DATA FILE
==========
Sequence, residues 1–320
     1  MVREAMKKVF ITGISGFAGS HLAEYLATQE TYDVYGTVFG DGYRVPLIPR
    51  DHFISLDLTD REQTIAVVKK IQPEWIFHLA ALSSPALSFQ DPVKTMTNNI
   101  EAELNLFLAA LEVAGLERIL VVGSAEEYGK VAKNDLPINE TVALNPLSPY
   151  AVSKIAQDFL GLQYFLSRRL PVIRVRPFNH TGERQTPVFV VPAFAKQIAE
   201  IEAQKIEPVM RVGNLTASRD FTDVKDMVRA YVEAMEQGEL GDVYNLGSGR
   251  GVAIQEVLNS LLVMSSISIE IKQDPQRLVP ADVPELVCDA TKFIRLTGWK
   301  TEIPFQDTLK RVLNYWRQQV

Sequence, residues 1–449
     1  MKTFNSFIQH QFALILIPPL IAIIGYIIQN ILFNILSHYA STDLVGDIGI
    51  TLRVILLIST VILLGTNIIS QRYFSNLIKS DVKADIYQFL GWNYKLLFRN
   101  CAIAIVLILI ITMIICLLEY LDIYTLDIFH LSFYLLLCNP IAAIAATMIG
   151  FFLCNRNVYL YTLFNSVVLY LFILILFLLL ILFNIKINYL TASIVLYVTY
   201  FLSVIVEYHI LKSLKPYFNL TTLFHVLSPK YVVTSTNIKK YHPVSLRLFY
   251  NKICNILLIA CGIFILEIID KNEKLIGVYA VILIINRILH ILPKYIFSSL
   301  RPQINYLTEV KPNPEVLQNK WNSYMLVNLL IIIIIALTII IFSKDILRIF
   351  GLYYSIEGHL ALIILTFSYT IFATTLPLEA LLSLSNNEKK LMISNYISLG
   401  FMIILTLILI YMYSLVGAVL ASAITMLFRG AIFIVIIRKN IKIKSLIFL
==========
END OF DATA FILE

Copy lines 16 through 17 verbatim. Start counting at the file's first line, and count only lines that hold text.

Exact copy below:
   301  RPQINYLTEV KPNPEVLQNK WNSYMLVNLL IIIIIALTII IFSKDILRIF
   351  GLYYSIEGHL ALIILTFSYT IFATTLPLEA LLSLSNNEKK LMISNYISLG